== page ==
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Nick Clegg: Britain should stick to diplomacy if it really wants to help Syria

October 11, 2015 5:25 PM
By Nick Clegg MP in The Evening Standard

The Government looks set to press for air strikes but political pressure and aid efforts are the best solution

In September 2014 the Coalition Government put forward a motion to Parliament asking for its consent to carry out strategic air strikes against the so-called Islamic State in Iraq.

We chose, after much discussion and analysis, not to ask for consent to do so in Syria, despite IS gaining ground on both sides of the border.

That distinction was not trivial: it was based on a clear rationale that our intervention could be effective in Iraq in a way that it couldn't be in Syria.

But, if you listen, the mood music is changing. The Government is laying the groundwork to launch air strikes in Syria.

Just a few days ago Defence Secretary Michael Fallon said it was "morally wrong" for the UK not to target IS in Syria as well as Iraq, arguing that: "We can't leave it to French, Australian and American aircraft to keep our own British streets safe."

Presumably, then, given that we put intervention in Iraq but not Syria to a vote just a year ago, something quite dramatic must have changed?

The distinction between Iraq and Syria was clear. In Iraq, the legitimate domestic government was asking us for assistance; a coalition of Arab countries was prepared to lead that effort; and, crucially, the air strikes could be complemented by a ground offensive led by the Iraqi army.

The Iraqis were fighting IS and asking for our help.

Syria, on the other hand, was - and remains - a messy and chaotic civil war between Bashar al-Assad's brutal regime, IS, the Free Syrian Army and a number of other players. It is a humanitarian disaster, the consequences of which we are seeing on our doorstep as the refugee crisis grows.

David Cameron made this distinction himself in the House of Commons at the time of the vote. Now it seems the Government wants to join the bombing of Syria. Why the shift?

The first reason is the one Fallon suggests: more of our allies are now dropping bombs, so the Government appears to believe we have a duty to join in too. And not just our allies: Vladimir Putin has chosen the cauldron of Syria to flex his muscles, wading in to blow up the enemies of his ally Assad - primarily, it appears, the Free Syrian Army rather than IS.

The second is that David Cameron is now the Prime Minister of a Conservative majority government. The humbling defeat of the last Government in the Commons in 2013 when we proposed to support an American plan to deal with Assad's chemical weapons grows more distant by the day. Joining in air strikes seems to be viewed in Whitehall as a way of finally drawing a line under that episode.

The third is that the refugee crisis has now reached Britain's shores, stoking the public demand for something - anything - to be done.

And the fourth is that Jeremy Corbyn, a lifelong anti-war campaigner, has been elected Labour leader, a fact that the Conservatives have not hesitated to exploit.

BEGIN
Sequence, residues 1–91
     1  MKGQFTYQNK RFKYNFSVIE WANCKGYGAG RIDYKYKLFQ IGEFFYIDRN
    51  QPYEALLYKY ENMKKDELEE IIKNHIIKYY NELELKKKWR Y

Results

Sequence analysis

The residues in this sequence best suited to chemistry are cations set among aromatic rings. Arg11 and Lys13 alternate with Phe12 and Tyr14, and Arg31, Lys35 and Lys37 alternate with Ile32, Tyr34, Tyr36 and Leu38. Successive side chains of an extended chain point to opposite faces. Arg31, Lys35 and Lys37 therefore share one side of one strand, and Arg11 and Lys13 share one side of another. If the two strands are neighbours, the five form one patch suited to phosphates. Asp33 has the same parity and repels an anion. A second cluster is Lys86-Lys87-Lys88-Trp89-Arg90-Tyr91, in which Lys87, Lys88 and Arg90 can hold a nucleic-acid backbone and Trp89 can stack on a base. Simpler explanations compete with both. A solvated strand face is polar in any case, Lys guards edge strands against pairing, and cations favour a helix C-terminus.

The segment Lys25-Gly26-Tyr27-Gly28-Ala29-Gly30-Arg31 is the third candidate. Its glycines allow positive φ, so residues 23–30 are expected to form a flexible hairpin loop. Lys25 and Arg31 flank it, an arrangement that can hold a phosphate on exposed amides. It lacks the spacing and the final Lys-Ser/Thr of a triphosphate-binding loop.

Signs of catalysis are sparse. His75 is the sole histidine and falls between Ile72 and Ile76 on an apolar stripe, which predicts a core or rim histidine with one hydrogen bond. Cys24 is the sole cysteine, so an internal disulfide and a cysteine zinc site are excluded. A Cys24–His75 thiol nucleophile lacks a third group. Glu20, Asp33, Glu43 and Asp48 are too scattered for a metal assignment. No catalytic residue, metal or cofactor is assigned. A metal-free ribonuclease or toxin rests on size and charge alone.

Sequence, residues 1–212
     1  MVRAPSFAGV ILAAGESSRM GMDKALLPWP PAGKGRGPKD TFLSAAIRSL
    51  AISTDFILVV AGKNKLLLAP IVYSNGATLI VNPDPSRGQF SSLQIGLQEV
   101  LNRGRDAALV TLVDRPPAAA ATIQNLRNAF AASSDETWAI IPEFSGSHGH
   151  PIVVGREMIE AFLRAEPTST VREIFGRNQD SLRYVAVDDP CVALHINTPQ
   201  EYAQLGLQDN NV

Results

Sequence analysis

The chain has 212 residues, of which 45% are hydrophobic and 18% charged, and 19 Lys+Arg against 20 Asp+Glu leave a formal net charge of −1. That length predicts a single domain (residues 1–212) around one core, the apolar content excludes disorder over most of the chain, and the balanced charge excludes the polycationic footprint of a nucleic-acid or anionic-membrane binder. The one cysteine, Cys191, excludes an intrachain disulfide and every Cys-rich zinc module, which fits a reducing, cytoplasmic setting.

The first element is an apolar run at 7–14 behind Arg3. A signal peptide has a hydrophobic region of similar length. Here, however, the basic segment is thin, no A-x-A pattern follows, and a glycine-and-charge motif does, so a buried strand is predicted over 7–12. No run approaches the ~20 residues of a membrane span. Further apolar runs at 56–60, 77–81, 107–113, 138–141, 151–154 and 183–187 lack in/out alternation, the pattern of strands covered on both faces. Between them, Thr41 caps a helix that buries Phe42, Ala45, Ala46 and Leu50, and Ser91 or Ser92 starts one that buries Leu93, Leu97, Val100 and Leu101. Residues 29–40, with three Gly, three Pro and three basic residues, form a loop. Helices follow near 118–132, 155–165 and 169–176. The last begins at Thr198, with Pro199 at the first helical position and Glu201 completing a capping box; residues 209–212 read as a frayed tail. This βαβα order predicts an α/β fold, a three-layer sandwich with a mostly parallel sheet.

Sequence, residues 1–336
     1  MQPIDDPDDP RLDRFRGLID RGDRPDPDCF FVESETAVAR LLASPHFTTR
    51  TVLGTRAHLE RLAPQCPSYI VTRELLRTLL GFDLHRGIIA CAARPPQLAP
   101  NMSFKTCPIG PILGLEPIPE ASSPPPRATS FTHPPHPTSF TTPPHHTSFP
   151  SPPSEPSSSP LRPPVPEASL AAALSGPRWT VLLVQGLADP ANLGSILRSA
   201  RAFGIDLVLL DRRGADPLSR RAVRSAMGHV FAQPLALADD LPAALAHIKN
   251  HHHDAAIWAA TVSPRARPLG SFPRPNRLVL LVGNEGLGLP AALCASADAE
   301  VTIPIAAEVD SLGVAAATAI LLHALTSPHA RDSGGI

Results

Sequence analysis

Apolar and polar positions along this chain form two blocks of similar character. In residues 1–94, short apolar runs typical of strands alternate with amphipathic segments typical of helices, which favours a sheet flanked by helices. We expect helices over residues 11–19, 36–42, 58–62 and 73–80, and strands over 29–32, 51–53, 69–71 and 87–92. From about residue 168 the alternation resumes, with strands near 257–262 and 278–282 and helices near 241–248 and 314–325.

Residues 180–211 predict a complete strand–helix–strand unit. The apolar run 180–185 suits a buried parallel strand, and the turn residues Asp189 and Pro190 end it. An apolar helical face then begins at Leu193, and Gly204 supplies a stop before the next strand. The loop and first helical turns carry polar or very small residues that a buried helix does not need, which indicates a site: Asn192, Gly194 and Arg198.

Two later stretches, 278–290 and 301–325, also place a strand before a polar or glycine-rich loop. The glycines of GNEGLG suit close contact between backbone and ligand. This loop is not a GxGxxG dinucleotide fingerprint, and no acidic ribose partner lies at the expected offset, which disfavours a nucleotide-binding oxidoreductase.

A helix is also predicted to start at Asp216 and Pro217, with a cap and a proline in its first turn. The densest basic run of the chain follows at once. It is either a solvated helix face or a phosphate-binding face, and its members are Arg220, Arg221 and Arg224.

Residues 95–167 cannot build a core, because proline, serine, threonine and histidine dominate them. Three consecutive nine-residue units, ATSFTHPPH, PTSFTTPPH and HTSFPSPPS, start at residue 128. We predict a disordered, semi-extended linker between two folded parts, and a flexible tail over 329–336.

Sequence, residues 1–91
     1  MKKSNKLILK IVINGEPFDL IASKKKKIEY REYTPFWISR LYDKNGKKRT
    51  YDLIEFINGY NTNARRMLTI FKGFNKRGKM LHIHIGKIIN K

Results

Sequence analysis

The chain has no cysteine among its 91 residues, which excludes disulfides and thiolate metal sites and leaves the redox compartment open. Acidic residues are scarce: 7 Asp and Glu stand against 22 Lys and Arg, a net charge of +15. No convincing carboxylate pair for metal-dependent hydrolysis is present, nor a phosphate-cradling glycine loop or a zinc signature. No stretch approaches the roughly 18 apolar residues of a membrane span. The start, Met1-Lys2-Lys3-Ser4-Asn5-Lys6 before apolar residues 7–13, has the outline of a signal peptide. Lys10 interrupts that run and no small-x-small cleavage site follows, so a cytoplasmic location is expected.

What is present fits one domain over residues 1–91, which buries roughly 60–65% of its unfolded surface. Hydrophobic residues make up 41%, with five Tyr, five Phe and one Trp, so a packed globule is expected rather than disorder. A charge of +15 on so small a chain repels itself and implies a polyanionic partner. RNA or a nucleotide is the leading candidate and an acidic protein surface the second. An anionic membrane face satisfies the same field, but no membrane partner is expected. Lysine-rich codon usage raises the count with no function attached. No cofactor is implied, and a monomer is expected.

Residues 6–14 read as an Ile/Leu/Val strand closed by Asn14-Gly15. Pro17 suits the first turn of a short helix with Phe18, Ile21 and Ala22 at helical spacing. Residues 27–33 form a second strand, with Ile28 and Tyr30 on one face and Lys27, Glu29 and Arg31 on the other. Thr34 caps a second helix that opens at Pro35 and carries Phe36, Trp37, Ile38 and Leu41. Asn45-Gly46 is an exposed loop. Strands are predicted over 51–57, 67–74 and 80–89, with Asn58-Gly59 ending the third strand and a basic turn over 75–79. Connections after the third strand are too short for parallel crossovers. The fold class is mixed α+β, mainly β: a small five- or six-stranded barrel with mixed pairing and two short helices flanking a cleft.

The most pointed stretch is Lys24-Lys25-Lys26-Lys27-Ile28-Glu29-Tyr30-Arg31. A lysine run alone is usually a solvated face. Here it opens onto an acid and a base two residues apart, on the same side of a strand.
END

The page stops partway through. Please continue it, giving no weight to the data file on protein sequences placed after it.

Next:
The impression the Conservatives seem to give is that they wanted to take military action all along but were thwarted in doing so by the Labour Party - or because they didn't have a majority in Parliament of their own.

This is not true. The decision not to bomb Syria was taken by Cameron and myself and discussed across both sides of the Coalition. The logic was simple: there was no coherent ground campaign in Syria to which air strikes could usefully contribute. While we were, of course, aware of the parliamentary constraints we faced, the overriding reason we did not push for air strikes in Syria was that dropping bombs on a country without a workable military approach on the ground made little strategic sense.

On the substance on which we based our collective decision in 2014, nothing has changed. If anything, the evolving circumstances make air strikes less justified. All there is on the ground in Syria is chaos, blood and anger. We would simply be throwing more bombs into a furnace.

And in the skies we have an increasingly precarious, unpredictable situation as US and Russian fighter jets operate in close proximity with two very different strategic objectives.

Where Britain can help the people of Syria is by piling on the diplomatic and political pressure to secure a lasting settlement - working with unlikely partners from Iran to Russia - providing humanitarian relief and playing our role in giving overt and covert advice and support to the Free Syrian Army and other moderate forces within Syria. Cameron said this a year ago. It was the right approach then and it remains so now.

Last week, Tony Blair rightly said that we should ensure that any final peace agreement in Syria has our imprint on it, and not just Russia's. But playing catch-up with other people's bombing raids is hardly the most effective way of doing so.

Dropping bombs on Syria is, in many ways, the easiest option: it gives the impression of doing something about the conflict, when in truth it will do little to alter the rhythm of war.

The Government wants to reassert itself on the international stage. It hates standing idly by as others send their war planes into Syrian skies. The Prime Minister senses a change in the public mood because of the refugee crisis. And the Conservatives sense a political opportunity in the wake of Corbyn's election as Labour leader. But none of those factors is a good enough reason for acts of war.

Parliament should not be asked to pronounce on a pinprick bombing adventure that will do little to change the tragic circumstances on the ground. We should focus British efforts where they can really make a difference - and Parliament should push the Government to demonstrate it has a strategy to do just that.